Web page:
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Archive Monthly Archives: December 2015

Confidence is a funny thing

Confidence is a funny thing.  It seems complicated and elusive.

But if we think about it, there are two main types of confidence.  There's the confidence we have in ourselves, that intrinsic self belief, or self esteem.  Lack of this confidence can seriously cripple us, make us feel we are not worthy of effort or time or even of being loved. I'm not an expert in psychology, so I'm not going to say too much about this.  I've got some theories, from reading numerous books, and from developing my own confidence over many years, but this isn't what I want to talk about today.

The other type is confidence to do a particular thing. Drive a car.  Cut hair if you're a hairdresser.  Balance the books if you're an accountant.  You weren't let loose on the road by yourself the first time you got behind the wheel.  You didn't start your level 2 NVQ in hairdressing by cutting hair on your first day, and you didn't turn in a full set of management accounts on the first day either.  These are all skills you had to learn.

And this is where confidence gets complicated.  You might be a bit nervous when you start to learn something new, but if it's something you always wanted to do, or something you've always had a natural flair for, then you're confident that you can master the skill.  You might have bad days, when you think it's too hard, but the motivation to succeed gives you the confidence to carry on.  But if it's something you believe is just too hard, or you think you don't have a natural ability, sometimes we let that lack of belief get in the way of doing something we really want to do.

Public speaking is one of those things.  People tell themselves they're no good at public speaking, or that they don't have the confidence to do it.  Or both of those.  But public speaking is a skill, just like any other.  There are things to learn about what makes a good speaker.  Anyone who wants to can learn these things. Yes, some people are naturally better than others, just like some people are naturally better at playing the piano than others.  And while the one with the natural talent could be a professional musician, the keen learner can still deliver a perfectly good rendition. So the naturally talented speaker might make a living on stage as a keynote speaker, but anyone can deliver a message so that people will listen.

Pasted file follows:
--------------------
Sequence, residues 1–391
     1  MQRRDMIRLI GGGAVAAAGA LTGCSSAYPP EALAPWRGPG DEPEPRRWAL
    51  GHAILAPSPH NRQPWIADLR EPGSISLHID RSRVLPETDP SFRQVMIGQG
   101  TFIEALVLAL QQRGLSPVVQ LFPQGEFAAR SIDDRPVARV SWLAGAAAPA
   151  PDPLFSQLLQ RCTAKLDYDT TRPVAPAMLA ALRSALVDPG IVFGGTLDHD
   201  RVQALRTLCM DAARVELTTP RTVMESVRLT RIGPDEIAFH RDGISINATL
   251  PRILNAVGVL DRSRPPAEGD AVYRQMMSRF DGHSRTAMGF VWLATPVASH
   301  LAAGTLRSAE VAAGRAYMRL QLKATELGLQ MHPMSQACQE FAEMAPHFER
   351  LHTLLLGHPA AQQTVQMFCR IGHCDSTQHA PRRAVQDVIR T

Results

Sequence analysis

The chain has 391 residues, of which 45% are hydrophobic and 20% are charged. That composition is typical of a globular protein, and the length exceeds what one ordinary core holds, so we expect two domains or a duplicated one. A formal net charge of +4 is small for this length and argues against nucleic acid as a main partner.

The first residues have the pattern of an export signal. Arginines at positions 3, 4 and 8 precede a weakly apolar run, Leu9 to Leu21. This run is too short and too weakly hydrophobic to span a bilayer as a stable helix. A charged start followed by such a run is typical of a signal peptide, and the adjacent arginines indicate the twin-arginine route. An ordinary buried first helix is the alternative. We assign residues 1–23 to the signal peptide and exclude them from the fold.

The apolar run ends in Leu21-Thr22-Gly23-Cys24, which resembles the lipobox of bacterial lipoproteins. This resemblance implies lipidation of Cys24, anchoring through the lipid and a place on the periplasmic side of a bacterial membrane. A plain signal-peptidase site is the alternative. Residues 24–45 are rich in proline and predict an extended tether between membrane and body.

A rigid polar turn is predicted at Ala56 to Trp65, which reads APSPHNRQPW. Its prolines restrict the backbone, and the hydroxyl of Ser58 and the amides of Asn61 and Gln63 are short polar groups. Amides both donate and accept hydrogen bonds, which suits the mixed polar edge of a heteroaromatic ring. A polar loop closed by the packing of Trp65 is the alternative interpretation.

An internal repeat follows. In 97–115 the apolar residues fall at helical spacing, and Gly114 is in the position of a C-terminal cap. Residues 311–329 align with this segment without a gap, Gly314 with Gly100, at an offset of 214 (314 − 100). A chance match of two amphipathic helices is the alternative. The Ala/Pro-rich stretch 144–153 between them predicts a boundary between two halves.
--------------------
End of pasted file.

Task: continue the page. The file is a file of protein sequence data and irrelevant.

With the skill side sorted out, the confidence develops.  As Dale Carnegie said right at the outset of his seminal book, “the first thing for the beginner in public speaking is to speak[1]”.  Experience is the best teacher, and you can't learn to speak without practising. Much like playing the piano or driving a car – hours of practice make a difference.

But the funny thing about public speaking and confidence is, the more confident you become at speaking, the more confident you become as a person. Win-win.

I once read, but can’t remember where now, there are five realms of confidence

  • People – meeting new people, relationships
  • Things – mechanical things, gadgets
  • Information – learning new information
  • Places – getting to new places, comfortable going somewhere new
  • Activities – doing physical activities, biking, trekking, bungee jumping

Give me information, I want to learn.  Put me in a room full of people, I want to talk to them.  Ask me to fix the photocopier because the paper jammed, and I want someone else to do it.  I‘ve little confidence in my abilities to solve this problem (Luckily I have a son who’s a great fixer.) So think about where you have the most confidence, and where you have less. But don’t be afraid to just do something if you want to, because experience is the best teacher.

I'd love it if you would share how speaking has helped you develop confidence.  Please tell your story in the comments below.


[1] The Art of Public Speaking, Dale Carnegie. Wyatt North Publishing